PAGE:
Violet Conure

Violet conures are playful and entertaining parrots. They need a lot of out-of-cage time and interaction with their owners. If deprived of this, they can become depressed and engage in self-mutilation. Choose pellet foods with a fresh, pleasant scent and high nutritional content. You can also give them a combination of formulated pellets, low-fat seeds, vegetables, and fruits.


Conures are small to medium-sized parrots in the family Aratinga that can be found throughout Latin America. They are also popular as pets. Their colors can be a beautiful green, blue or a combination of both. They are also known for their playful nature and entertaining tricks. They are very inquisitive, social and intelligent birds. They need plenty of interaction and attention to avoid being bored and will often engage in tomfoolery to get their owner’s attention.

These birds can be very expensive. They are best bought after they have been hand reared and have gone through their adolescence, as this is when they are most affordable.

Sun conures have a wide range of colors and are known for their ability to mimic sounds, including whistles, microwaves and doorbells. Wild sun conures have a lifespan of 15 years. Females have a shorter lifespan due to the hormonal changes during breeding season and when they become mothers.

Violet Conure


In their natural habitat, violet conures feast on a variety of fruits, vegetables and seeds. In captivity, these birds should be fed a varied diet of pellets, commercial bird seed and fresh foods, including dark leafy vegetables, squash, berries and melons.

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Avoid table scraps and fatty foods, which can lead to obesity and weight gain. A violet conure should also have access to a variety of calcium-rich foods, such as broccoli and greens. Limit or avoid dairy products, however, as these are not readily digested by these birds and can cause high cholesterol levels.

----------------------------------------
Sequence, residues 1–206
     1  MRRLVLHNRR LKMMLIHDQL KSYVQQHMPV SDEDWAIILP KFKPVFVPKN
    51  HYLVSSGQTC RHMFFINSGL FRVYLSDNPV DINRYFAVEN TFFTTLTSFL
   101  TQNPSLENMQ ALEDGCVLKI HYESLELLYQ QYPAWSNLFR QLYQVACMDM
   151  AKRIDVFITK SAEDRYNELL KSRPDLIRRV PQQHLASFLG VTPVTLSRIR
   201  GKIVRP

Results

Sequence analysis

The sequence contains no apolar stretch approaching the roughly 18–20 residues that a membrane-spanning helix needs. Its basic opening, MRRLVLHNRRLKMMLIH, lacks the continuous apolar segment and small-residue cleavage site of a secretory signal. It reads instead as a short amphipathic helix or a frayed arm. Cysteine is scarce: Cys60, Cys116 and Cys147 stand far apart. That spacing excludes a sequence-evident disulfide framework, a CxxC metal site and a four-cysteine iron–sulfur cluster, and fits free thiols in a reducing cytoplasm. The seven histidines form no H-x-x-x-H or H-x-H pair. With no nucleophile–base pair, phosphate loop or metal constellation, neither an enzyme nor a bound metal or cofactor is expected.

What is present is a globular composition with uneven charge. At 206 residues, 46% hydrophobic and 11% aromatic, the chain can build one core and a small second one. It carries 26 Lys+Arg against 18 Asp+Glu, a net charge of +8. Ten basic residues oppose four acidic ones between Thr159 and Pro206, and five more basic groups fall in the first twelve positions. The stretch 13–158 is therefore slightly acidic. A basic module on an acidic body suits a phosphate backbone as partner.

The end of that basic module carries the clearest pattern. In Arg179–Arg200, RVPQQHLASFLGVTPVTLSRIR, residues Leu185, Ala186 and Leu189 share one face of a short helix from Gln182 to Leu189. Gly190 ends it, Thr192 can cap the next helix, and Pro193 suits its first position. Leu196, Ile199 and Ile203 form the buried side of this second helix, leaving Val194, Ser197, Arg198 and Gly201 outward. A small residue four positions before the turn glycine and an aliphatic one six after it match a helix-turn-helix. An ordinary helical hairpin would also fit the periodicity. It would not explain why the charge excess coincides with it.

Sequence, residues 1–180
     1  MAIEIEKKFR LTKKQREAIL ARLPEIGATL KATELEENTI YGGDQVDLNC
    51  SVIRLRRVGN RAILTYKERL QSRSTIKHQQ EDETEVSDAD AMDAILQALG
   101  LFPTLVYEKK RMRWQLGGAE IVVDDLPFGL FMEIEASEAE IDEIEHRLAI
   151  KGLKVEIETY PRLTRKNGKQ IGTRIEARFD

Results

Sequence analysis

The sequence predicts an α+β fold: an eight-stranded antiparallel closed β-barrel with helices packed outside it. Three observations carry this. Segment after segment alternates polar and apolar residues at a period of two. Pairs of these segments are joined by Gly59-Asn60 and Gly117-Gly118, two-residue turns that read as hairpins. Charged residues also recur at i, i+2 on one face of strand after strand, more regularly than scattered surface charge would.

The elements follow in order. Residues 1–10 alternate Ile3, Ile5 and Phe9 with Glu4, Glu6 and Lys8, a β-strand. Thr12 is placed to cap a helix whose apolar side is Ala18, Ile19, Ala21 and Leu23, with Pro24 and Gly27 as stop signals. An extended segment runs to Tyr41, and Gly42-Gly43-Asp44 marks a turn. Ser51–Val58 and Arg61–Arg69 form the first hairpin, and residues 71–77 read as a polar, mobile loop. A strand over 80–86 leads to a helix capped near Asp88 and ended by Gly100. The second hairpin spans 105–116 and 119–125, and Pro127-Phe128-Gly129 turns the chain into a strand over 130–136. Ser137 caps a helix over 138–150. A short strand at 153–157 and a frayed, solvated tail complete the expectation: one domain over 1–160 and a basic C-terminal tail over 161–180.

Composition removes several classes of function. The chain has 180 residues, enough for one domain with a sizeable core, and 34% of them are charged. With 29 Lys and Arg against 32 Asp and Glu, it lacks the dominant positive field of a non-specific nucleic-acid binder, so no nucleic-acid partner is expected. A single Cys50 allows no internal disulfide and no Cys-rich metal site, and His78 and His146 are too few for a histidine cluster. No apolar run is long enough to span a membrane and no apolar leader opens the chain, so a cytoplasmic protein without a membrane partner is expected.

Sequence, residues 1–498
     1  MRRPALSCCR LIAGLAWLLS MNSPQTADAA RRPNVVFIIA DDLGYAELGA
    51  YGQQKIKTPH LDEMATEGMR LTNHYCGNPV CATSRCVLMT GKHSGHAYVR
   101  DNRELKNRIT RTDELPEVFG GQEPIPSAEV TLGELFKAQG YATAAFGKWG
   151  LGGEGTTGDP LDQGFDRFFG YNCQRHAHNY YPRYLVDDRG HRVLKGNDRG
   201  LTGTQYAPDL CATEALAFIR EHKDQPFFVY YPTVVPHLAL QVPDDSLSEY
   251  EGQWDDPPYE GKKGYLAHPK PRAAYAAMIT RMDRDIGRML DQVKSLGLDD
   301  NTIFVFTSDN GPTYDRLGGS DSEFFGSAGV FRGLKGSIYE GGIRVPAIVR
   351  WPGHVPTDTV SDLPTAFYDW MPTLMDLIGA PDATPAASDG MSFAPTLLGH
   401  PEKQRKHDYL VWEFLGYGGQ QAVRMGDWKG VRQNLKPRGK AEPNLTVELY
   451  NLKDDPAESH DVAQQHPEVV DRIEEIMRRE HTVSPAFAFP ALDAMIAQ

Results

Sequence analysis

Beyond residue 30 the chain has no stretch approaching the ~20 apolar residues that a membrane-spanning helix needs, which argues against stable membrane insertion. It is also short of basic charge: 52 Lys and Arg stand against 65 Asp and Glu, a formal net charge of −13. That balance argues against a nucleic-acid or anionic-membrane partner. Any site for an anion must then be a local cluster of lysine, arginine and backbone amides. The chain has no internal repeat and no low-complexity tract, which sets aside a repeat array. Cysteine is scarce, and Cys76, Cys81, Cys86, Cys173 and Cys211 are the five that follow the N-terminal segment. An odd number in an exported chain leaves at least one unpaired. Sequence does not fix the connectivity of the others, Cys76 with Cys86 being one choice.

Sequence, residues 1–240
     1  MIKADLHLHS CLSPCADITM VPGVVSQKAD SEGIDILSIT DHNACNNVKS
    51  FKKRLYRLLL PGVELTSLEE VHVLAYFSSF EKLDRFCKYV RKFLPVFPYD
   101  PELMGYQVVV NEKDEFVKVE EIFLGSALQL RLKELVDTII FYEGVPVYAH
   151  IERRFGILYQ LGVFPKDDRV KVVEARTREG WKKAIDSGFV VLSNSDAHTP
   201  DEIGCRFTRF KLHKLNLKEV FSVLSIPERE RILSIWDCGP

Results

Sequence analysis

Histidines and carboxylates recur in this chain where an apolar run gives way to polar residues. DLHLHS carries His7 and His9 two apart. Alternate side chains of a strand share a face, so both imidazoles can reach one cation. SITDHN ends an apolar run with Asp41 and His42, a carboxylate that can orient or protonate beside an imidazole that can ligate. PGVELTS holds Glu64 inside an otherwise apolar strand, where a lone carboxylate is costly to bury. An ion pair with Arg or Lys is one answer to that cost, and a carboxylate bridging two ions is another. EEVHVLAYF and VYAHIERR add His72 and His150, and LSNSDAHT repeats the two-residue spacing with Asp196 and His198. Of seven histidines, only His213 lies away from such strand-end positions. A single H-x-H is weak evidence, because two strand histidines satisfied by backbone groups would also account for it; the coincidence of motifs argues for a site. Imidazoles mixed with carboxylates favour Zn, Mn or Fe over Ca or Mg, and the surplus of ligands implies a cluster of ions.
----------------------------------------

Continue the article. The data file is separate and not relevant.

Violet Conure

All conures, including the violet conure turquoise, are prone to feather picking, so it is important to monitor their behavior for signs of boredom or distress. They should be taken to an avian veterinarian regularly to catch any diseases early, such as proventricular dilatation disease (PDD), a neurological disorder; psittacine beak and feather disease (PBFD); bacterial infections like streptococcus; or beak malocclusion/alignment issues.


Violet conures can live up to 25 years in captivity, depending on the level of care they receive. They enjoy spending time out of their cages and love to play games with their owners. They should be given plenty of out-of-cage time every day, at least several hours. This will allow them to stretch their wings and solve puzzles.

They should have a variety of fruits, vegetables, and fortified seeds in their diet, with pellets making up 70% of their food. They also need fresh, chlorine-free water daily. violet conures are prone to feather picking, so it is important to keep them busy and entertained. They may also become bored and start self-harming activities if not occupied enough.

Violet conures are a fairly healthy bird, but they are prone to common parrot diseases. These include periventricular dilatation disease (PDD), a neurological disorder; psittacosis, a bacterial infection; and beak malocclusion and beak disalignment. It is best to have your conure screened regularly by an avian vet so that any potential problems can be caught and treated early on.

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Violet Conure


As intelligent, curious and entertaining birds, violet conures are fun to play with and can be taught tricks. They also like to climb, solve puzzles and interact with their human companions. However, they do not like to be left alone for long periods of time and can become stressed if deprived of interaction, which often leads to biting.

Violet Conure

Once a conure learns that you care for it, it will begin to trust you and behave well. However, this can take some time. Conures that were once neglected or mistreated tend to think that everyone around them is out to harm them, which will make them defensive and more prone to bite.

You can train your pet to be tame by using positive reinforcement techniques, such as rewarding them when they perform a trick. Also, ensure that their habitat and toys do not contain lead or galvanized metal, as they can be poisonous to these birds.